- Travel and Places
The Achievements of The Medieval Dubrovnik
The Republic of Ragusa's Golden Age
The furerunner of today's Dubrovnik, the Republic of Ragusa was an independent, thriving city-state between the 14th and 18th centuries. Wedged between two superpowers of the age, the expanding Turkish Empire and the Venetian Republic, with amazing balancing diplomacy the tiny Ragusa managed to preserve its independence for long centuries.
This independence and its diverse maritime trade enabled Ragusa to introduce such achievements that surpassed its age.
Dubrovnik's Old Town
1. Democracy and Rectors
"NON BENE PRO TOTO LIBERTAS VENDITUR AURO"
Freedom is not sold for all gold in the world!
This was the motto which Ragusa always remained faithful to. Following the Zadar Treaty in 1358, Dubrovnik managed to avoid falling under Venetian rule unlike other Dalmatian towns. By the 15th century the legal status of Ragusa was completely achieved. One of the legislatures was called the Great Council which was made up of aristocratic families. They appointed the members of the Senate and the Small Council, which was the executive body of the Great Council. The head of the republic was the Rector who was elected for a one-month term by the Senate.
The old town of Dubrovnik and the Rector's Palace on the 50 Kn banknote
The Rector kept a firm hand on Ragusa's state affairs
2. Water Supply System
The 11,7 km long water supply system was completed in the 15th century. Its constructor was an architect from Naples, Onofrio della Cava.
Dubrovnik's two beautiful fountains are also linked to his name: the Large Onofrio Fountain stands at the eastern end of the main street, Stradun while the "small" Onofrio Fountain is situated close to the city bell-tower.
The Large Onofrio Fountain Today
3. Public Health Service
Ragusa's old pharmacy and the lazarettos
The medieval Dubrovnik also had an old people's home and a pharmacy. The old Mala Braca pharmacy was founded as early as 1317 by the Franciscan friars. It is located in the cloister of the Franciscan monastery and is the part of the Franciscan Monastery Museum today.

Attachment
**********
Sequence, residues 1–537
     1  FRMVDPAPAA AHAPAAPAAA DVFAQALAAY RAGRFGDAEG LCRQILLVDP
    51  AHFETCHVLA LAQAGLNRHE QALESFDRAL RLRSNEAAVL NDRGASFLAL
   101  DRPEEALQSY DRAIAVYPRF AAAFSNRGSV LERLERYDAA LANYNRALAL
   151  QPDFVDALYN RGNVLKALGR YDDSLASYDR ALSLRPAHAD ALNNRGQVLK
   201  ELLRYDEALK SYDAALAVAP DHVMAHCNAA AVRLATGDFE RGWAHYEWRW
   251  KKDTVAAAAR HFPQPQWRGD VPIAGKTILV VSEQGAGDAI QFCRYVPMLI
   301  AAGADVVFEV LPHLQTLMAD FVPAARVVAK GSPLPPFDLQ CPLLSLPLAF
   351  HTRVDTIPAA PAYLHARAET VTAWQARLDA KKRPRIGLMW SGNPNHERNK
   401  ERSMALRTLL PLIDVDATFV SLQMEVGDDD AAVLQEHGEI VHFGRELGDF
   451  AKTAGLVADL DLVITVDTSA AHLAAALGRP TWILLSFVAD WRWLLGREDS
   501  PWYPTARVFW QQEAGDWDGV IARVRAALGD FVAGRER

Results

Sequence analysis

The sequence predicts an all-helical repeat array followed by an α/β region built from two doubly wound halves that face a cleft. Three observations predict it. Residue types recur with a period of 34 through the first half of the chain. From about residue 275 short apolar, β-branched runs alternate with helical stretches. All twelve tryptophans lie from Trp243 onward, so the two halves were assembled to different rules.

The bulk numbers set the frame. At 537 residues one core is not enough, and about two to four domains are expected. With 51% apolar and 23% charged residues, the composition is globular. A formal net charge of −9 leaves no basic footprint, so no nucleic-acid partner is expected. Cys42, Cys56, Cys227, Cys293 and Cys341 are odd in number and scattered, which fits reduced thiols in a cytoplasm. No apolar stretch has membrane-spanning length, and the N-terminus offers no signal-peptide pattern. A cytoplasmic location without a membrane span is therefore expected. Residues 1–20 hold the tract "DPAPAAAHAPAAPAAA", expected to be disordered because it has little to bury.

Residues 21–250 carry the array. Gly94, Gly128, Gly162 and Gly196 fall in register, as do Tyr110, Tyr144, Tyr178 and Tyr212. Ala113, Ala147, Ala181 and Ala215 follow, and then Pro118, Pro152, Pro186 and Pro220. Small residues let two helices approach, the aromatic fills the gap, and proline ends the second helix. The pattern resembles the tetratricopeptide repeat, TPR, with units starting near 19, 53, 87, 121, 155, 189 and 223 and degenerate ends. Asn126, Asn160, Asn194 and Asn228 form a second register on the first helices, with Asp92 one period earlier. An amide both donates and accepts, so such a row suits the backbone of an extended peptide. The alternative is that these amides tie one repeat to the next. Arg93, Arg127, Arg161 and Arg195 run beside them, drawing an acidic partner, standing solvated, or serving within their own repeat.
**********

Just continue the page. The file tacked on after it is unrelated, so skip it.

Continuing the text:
In order to prevent the plague entering the town, the citizens of Ragusa built lazarettos which served as isolation hospitals. A regulation called Liber Viridis from 1377 forbade visitors from plague-ridden areas to enter Dubrovnik. The lazaretto next to Ploce gate has been preserved in good condition and serves as the venue of cultural performances.
Cloister of the Franciscan Monastery
Dubrovnik stone by stone
A great gift for those who are planning to visit Dubrovnik and those who have just returned. All will enjoy assembling this detailed 500 piece puzzle of Dubrovnik's old town!
4. Symbols of Independence - State Mint, Treasury and Costums Office
The beautiful Sponza Palace housed the state mint, the treasury and the costums office at the time of the Republic of Ragusa. The Gothic-Renaissance building now houses the Dubrovnik State Archives and the Memorial Room of Dubrovnik Defenders.
Ragusa's protection against famine
The city was prepared for bad times, as well. Ragusa kept a strategic grain reserve in underground silos called Rupe. The granary was built in the 16th century and made up of 15 stores. The building hosts the Ethnographic Museum today.
What do you think the greatest achievement was in the Republic of Ragusa?
Symbol of Statehood: the Orlando Column
The main character of the most important literary work dating back to the Middle Ages, the Chanson de Roland stands in front the Church of St Blaise.
As the legendary knight was tied to a battle between Dubrovnik and Saracen pirates in which Roland (Orlando) won, the Orlando Column is the symbol of independence and freedom. The column was adorned with the flag of St Blaise, the patron saint of Dubrovnik.